Giving a hoot about the T

Rob Watson photographed a "vaguely foreboding owl hanging out" above a Park Street exit tonight. A very real and alive, if vaguely foreboding, owl, he assures us.



Free tagging: 



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I mean, an owl at Park St. I thought they ate rodents. Where would an owl find a rodent near Park St?


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Lives on the mice in the station?

Because I'm an owl, that's why

You gorgeous fluffy bastid you.
Maybe the T has gone with sustainable pest containment.
How very forward of them.
Now gimme my money back & give that owl a mouse - you give it a mouse right now!

Barred owl?

It looks like a barred owl. I'm quite surprised - I didn't think owls ever came into the city, unlike hawks.

I once had one

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perchone perch on my fire escape on Beacon Hill for a couple of days. It was so lovely--big, dark, slightly bovine eyes.

Night Owl City!

Finally! The owls are invading the Subway to fill the raptor void left behind when the MBTA killed the Night Owl.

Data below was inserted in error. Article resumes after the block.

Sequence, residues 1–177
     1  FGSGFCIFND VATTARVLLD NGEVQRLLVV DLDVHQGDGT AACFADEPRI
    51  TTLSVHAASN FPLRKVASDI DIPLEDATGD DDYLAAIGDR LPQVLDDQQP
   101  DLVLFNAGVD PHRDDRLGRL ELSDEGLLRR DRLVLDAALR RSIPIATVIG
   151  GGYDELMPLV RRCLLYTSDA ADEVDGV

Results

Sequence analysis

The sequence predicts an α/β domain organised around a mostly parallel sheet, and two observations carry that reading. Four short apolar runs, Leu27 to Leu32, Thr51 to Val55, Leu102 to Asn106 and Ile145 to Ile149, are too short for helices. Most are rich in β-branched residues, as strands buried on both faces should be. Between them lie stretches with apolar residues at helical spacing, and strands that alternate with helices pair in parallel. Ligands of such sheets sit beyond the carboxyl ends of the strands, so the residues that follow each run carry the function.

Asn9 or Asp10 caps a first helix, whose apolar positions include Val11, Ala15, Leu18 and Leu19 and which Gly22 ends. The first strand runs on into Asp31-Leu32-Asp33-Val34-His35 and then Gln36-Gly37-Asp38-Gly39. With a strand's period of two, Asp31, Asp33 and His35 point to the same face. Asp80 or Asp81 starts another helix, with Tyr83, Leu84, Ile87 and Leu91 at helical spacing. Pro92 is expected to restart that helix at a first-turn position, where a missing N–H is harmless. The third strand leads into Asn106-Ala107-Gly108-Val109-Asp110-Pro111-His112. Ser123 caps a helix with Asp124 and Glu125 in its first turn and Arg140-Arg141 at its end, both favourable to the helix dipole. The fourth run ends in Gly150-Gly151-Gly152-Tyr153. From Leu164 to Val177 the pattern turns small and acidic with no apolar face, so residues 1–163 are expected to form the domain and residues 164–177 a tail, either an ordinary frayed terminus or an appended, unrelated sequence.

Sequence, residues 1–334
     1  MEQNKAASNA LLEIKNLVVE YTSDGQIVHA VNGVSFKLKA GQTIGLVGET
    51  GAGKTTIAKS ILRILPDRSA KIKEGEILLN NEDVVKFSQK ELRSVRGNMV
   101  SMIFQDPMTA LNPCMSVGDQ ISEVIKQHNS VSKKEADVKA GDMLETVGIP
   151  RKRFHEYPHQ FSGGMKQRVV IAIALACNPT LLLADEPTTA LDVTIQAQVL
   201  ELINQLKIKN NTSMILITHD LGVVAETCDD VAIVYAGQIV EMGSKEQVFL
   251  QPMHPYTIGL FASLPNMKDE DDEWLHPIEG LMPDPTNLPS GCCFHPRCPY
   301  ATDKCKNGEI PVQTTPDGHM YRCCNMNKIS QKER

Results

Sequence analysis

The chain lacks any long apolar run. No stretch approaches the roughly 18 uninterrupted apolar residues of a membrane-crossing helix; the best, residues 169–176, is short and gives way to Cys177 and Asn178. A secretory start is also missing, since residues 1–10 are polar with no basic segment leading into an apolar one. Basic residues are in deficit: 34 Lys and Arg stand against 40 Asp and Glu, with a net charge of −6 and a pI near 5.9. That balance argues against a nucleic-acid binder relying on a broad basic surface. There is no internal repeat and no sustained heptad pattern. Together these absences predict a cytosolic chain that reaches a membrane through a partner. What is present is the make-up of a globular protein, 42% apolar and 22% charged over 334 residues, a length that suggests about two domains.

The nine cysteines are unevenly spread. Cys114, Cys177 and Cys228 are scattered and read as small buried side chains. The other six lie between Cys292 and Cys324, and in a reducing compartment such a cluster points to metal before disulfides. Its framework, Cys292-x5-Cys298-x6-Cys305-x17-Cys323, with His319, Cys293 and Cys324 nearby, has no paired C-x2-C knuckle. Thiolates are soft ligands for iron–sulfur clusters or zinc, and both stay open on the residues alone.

You're absolutely right, Michael Kerpan.

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Owls certainly don't make good pets, especially because they've been taken out of the habitat in the wild that they've always known. A certain amount of respect is necessary, because, no matter how cute, cuddly and/or tame an owl or any other wild, undomesticated animal may appear to be, it's still a wild animal nonetheless, and a certain amount of distance between wild animals and humans needs to be maintained. Having said all of the above, it's not only violating certain federal laws against having wild animals for pets, but it's downright cruel to the animal itself, not to mention posing a certain amount of risk to the person(s) who insist on bringing home any kind of undomesticated animal(s) as pets. People have had owls and other wild animals as pets, with disastrous results.


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This same owl was in a tree in the Granary burying ground yesterday afternoon, right out side my office window.